• The development of the Syntopicon was a monumental task that took Dr. Adler and a staff of 90 ten years to complete. With the Syntopicon, the Great Books set becomes the single greatest reference set of the greatest body of knowledge in history.

1    Angel 2    Animal 3    Aristocracy

  • 1    Angel 2    Animal 3    Aristocracy
  • 4    Art 5    Astronomy and      Cosmology 6    Beauty 7    Being 8    Cause 9    Chance 10   Change 11   Citizen 12   Constitution
  • 13   Courage 14   Custom and      Convention
  • 15   Definition 16   Democracy 17   Desire 18   Dialectic 19   Duty 20   Education 21   Element 22   Emotion 23   Eternity 24   Evolution 25   Experience

26   Family 27   Fate 28   Form

  • 26   Family 27   Fate 28   Form
  • 29   God 30   Good and Evil 31   Government 32   Habit 33   Happiness 34   History 35   Honor 36   Hypothesis 37   Idea 38   Immortality
  • 39   Induction 40   Infinity 41   Judgment
  • 42   Justice 43   Knowledge 44   Labor 45   Language 46   Law 47   Liberty 48   Life and Death 49   Logic 50   Love 51   Man 52   Mathematics and Science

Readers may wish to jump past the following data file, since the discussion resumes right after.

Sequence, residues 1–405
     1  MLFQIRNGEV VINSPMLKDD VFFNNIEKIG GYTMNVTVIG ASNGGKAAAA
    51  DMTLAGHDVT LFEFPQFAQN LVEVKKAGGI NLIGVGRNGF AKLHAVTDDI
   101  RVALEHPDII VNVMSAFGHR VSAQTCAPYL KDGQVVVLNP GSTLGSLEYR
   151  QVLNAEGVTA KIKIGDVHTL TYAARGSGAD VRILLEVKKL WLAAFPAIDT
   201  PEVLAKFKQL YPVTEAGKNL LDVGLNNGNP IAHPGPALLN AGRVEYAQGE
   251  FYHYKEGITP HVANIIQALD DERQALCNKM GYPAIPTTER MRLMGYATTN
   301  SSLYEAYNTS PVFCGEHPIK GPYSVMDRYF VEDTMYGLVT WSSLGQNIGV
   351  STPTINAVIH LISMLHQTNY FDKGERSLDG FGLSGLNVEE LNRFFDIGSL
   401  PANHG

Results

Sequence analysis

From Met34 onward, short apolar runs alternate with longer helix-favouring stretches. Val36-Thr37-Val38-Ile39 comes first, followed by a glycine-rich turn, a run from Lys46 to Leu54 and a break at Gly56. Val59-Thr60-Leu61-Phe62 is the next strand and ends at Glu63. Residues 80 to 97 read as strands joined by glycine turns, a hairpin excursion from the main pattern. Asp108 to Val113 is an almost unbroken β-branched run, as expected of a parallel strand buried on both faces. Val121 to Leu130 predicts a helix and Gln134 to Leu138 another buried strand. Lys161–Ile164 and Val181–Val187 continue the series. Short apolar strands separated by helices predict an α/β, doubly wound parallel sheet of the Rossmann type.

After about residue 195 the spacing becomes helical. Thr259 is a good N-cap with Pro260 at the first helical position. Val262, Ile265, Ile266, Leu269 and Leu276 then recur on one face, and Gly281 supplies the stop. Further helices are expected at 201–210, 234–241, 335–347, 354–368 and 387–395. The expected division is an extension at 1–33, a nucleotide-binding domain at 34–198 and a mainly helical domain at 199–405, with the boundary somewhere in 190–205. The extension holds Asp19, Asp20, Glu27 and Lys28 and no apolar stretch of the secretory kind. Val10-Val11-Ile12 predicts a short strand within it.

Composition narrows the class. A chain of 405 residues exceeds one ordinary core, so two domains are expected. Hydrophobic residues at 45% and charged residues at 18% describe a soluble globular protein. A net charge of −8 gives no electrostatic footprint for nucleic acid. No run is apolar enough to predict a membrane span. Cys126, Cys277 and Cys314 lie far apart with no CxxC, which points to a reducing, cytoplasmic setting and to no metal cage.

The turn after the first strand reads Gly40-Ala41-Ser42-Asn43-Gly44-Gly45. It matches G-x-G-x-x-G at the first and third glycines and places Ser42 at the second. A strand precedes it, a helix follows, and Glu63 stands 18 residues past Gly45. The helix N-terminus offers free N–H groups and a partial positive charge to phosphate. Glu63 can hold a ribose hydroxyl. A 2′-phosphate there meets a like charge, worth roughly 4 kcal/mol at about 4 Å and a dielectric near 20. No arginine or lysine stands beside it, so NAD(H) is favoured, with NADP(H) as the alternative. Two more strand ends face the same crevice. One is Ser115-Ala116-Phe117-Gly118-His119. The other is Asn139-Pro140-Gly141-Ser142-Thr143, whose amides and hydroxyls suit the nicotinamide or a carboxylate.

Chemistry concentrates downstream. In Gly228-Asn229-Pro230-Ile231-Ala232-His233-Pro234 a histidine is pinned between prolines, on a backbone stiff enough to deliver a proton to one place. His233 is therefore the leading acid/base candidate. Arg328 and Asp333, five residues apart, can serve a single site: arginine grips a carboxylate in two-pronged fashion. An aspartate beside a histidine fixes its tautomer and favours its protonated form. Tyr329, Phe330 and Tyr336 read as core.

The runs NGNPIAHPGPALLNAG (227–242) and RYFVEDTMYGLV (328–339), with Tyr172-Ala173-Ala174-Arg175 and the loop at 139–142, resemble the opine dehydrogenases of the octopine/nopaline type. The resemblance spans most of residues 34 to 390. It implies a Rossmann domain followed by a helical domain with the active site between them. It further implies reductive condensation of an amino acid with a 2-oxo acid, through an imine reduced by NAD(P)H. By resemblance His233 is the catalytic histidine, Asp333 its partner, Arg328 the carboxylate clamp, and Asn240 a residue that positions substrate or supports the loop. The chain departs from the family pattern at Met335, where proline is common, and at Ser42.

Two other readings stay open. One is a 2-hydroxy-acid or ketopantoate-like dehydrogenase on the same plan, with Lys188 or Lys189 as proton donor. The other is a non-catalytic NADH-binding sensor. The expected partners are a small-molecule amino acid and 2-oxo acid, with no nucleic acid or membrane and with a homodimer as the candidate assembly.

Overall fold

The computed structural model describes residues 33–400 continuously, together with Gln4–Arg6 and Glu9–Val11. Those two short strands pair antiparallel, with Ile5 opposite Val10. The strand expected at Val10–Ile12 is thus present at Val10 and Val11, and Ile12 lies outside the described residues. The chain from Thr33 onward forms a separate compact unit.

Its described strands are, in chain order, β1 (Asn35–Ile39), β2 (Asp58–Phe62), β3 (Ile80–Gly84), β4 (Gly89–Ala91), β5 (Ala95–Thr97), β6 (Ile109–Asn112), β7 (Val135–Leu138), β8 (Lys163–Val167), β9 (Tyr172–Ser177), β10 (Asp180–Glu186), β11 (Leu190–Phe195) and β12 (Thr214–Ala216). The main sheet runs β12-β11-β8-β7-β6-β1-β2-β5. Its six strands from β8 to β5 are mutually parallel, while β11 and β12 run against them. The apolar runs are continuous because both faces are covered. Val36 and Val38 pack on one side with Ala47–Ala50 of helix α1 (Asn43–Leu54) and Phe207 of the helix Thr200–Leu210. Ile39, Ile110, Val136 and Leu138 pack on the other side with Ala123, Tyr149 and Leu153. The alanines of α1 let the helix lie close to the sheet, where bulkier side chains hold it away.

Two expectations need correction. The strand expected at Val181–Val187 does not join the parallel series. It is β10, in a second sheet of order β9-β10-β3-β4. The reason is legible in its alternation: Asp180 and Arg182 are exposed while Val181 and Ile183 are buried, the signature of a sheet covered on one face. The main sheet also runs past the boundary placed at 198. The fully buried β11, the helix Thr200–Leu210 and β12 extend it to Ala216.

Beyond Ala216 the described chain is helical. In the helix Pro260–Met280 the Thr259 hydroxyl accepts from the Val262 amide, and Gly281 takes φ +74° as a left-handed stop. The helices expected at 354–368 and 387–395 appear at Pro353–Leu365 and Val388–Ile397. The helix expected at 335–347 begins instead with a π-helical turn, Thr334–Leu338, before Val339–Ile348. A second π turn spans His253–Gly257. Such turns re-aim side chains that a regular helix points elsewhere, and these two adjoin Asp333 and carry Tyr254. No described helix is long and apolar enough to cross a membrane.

53   Matter 54   Mechanics 55   Medicine

  • 53   Matter 54   Mechanics 55   Medicine
  • 56   Memory and        Imagination 57   Metaphysics 58   Mind 59   Monarchy 60   Nature 61   Necessity &      Contingency 62   Oligarchy 63   One and Many
  • 64   Opinion 65   Opposition 66   Philosophy
  • 67   Physics 68   Pleasure and Pain 69   Poetry 70   Principle 71   Progress 72   Prophecy 73   Prudence 74   Punishment 75   Quality 76   Quantity 77   Reasoning

78   Relation 79   Religion 80   Revolution

  • 78   Relation 79   Religion 80   Revolution
  • 81   Rhetoric 82   Same and Other 83   Science 84   Sense 85   Sign and Symbol 86   Sin 87   Slavery 88   Soul 89   Space 90   State
  • 91   Temperance 92   Theology 93   Time
  • 94   Truth 95   Tyranny and      Despotism 96   Universal and      Particular 97   Virtue and Vice 98   War and Peace 99   Wealth 100  Will 101  Wisdom 102  World